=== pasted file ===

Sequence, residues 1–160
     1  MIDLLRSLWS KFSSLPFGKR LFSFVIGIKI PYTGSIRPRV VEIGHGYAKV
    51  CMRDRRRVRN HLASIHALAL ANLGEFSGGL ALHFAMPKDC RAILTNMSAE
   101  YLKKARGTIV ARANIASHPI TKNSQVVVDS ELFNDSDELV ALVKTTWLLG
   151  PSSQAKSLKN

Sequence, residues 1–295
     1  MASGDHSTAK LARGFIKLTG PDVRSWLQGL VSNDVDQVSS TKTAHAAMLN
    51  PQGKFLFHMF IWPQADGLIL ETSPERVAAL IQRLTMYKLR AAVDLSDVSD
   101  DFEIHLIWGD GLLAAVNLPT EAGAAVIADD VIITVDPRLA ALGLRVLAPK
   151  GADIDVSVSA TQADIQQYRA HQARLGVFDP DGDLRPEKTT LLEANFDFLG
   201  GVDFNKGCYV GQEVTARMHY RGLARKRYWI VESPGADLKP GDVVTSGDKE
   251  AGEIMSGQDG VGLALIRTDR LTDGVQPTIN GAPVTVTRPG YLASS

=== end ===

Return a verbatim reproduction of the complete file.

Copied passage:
Sequence, residues 1–160
     1  MIDLLRSLWS KFSSLPFGKR LFSFVIGIKI PYTGSIRPRV VEIGHGYAKV
    51  CMRDRRRVRN HLASIHALAL ANLGEFSGGL ALHFAMPKDC RAILTNMSAE
   101  YLKKARGTIV ARANIASHPI TKNSQVVVDS ELFNDSDELV ALVKTTWLLG
   151  PSSQAKSLKN

Sequence, residues 1–295
     1  MASGDHSTAK LARGFIKLTG PDVRSWLQGL VSNDVDQVSS TKTAHAAMLN
    51  PQGKFLFHMF IWPQADGLIL ETSPERVAAL IQRLTMYKLR AAVDLSDVSD
   101  DFEIHLIWGD GLLAAVNLPT EAGAAVIADD VIITVDPRLA ALGLRVLAPK
   151  GADIDVSVSA TQADIQQYRA HQARLGVFDP DGDLRPEKTT LLEANFDFLG
   201  GVDFNKGCYV GQEVTARMHY RGLARKRYWI VESPGADLKP GDVVTSGDKE
   251  AGEIMSGQDG VGLALIRTDR LTDGVQPTIN GAPVTVTRPG YLASS